“Among Linguists, Black English Gets Respect” discusses how variations in language and how people use them as a means to discriminate, even though language itself cannot be inherently good or bad. This is then related to the events in Oakland where it was decided that teachers would learn Ebonics in order to better help the students. Ebonics used to be considered a type of slang, or a bad form of English, but after it has been studied it has been found that it is a structured language variation with its own set of rules. Even so, because people hear it and think it sounds a certain way, they make unnecessary judgements. Black English is then compared to other English dialects that are (or have been) also judged harshly, solely because of the way the listener thinks they sound. At the very end, it brings up an argument from linguists that if it had been Africans who had colonized America with white slaves, it would be white English that would be looked down upon.

“Dispute Over Ebonics Reflects a Volatile Mix Thar Roils Urban Education” discusses more of the fallout that occurred as a result of the Oakland School Board’s decision to train its teachers in ebonics. This decision became widely discussed nation-wide. It focuses on Oakland rather than language, going over Oakland’s controversial history in regards to trying to match ethnicity with education. They have a history of trying to make sure their teaching material matches and is relevant to their multi-cultural students – the article gives some statistics about the ethnic/racial makeup of the student population for the district. The recent decision was just another part of that, where Oakland saw a problem with the performance of their black students and was trying to decide how best they could address that problem. The ebonics decision was part of that, though unlike other recommendations the ebonics decision was pushed through without a lot of opportunity for debate.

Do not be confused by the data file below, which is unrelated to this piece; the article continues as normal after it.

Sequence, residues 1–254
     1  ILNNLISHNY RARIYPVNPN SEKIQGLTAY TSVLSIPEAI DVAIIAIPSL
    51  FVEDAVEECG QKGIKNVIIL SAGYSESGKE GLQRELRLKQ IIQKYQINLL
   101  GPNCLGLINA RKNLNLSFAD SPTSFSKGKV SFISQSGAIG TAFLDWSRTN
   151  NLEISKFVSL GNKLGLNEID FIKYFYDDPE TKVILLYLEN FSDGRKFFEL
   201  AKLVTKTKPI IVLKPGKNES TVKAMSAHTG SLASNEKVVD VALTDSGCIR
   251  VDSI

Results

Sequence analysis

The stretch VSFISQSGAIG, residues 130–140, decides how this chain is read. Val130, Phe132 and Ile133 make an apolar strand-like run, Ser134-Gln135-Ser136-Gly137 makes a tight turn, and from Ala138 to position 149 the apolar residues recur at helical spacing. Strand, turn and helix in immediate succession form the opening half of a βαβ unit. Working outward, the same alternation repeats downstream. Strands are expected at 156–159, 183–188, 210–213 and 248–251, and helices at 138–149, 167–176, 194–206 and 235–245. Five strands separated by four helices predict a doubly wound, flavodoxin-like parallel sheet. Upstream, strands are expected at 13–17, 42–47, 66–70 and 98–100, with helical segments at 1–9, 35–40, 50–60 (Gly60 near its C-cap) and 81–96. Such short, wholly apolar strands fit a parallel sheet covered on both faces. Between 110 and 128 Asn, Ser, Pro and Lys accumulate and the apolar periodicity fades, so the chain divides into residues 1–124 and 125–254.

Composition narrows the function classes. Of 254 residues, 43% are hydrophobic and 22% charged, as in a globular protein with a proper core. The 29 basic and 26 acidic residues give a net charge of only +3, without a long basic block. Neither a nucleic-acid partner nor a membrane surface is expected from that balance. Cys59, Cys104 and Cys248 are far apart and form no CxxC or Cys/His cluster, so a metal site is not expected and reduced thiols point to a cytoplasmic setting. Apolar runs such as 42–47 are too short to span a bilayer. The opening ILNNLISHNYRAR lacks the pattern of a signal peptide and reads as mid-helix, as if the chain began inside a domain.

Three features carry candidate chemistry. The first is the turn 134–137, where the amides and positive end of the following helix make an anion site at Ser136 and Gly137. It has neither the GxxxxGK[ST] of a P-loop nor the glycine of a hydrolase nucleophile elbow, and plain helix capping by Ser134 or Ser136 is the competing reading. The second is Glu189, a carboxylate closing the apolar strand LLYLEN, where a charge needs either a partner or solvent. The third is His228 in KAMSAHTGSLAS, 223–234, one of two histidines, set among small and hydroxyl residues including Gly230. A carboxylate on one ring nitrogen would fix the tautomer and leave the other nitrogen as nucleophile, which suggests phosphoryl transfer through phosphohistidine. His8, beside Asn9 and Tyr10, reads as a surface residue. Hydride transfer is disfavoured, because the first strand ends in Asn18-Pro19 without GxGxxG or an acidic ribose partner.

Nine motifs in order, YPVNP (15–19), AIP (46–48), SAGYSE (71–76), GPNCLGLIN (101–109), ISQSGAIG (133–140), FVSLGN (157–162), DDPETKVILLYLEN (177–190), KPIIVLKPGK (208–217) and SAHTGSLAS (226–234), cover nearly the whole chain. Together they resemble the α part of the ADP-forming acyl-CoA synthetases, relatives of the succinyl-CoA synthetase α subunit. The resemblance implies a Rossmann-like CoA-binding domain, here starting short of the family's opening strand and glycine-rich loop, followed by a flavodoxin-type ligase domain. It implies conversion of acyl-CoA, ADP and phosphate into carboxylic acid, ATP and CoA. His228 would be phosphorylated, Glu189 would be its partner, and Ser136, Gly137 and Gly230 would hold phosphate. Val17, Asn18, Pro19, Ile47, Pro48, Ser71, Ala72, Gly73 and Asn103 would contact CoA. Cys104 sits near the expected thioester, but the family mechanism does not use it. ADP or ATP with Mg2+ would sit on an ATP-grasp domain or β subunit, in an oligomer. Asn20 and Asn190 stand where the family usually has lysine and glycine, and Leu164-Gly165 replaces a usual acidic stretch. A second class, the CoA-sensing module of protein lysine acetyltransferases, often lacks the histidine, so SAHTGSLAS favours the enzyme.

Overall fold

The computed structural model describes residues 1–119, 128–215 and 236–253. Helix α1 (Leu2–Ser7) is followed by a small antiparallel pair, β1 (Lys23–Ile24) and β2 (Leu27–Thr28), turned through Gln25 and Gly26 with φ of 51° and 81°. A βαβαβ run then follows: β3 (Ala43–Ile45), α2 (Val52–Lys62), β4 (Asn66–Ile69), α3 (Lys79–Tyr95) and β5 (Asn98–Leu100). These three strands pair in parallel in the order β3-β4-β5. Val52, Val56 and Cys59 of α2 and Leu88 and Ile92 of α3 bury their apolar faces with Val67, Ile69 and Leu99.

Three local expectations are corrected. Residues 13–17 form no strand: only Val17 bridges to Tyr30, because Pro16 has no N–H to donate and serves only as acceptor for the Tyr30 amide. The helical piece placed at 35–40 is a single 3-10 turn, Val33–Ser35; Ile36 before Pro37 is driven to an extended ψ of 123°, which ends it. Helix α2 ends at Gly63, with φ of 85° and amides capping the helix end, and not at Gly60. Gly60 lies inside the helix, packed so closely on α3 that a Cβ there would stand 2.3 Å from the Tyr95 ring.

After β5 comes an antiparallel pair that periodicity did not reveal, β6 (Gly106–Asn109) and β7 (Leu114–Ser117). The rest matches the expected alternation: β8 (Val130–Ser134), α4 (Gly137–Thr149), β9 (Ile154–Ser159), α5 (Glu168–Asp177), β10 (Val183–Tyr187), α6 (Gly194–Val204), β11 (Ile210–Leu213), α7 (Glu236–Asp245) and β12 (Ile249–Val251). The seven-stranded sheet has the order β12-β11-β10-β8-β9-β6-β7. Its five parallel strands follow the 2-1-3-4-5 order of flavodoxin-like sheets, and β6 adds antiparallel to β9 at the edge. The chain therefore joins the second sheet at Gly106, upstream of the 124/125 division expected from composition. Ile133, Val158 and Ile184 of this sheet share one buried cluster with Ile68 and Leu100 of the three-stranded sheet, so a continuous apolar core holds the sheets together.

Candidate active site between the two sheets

“Views of linguists and anthropologists on the Ebonics issue (Part 1)” takes expert testimony from linguists and linguistic anthropologists on the Oakland controversy, where the Oakland school board made their December 18, 1996 decision regarding ebonics. Within the paper itself, ebonics are referred to (for the most part) as African American Vernacular English (AAVE). These experts discuss what AAVE is, in that it is its own dialect with its own phonological and syntatctic rules that are similar to other such dialects (with a section on some of the rules, as well as referring to prior research on AAVE). Others discuss the social issues surrounding AAVE, in that there is a sense that any nonstandard English is considered to be automatically bad. There is also discussion about how AAVE is only part of the issue of why black children do poorly in school. It is pointed out that education systems should take care that black students are not considered to be stupid, as if they can’t understand the slight variations between AAVE and standard English. The final expert recounted an experiment he did where having children have their own dialect be part of the curriculum helped them to feel more excited about the subject matter, and more connected with the schoolwork as a result.

The validation of ebonics by linguists is like the validation of any subject by experts: until it is displayed on media and brought into the heart of public consciousness, it is not guaranteed to change anything. In the case of ebonics itself, I think a lot of the time peoples’ reactions towards how someone sounds is a largely personal preference. In the day to day interactions between different socio-economic groups of people, it won’t make a large difference in the sense of people not liking the way ebonics sounds, or thinking negatively of the person who speaks ebonics. It is an expression of racism, and just because an expert validates ebonics as a legitimate dialect will not change the way that people feel about it.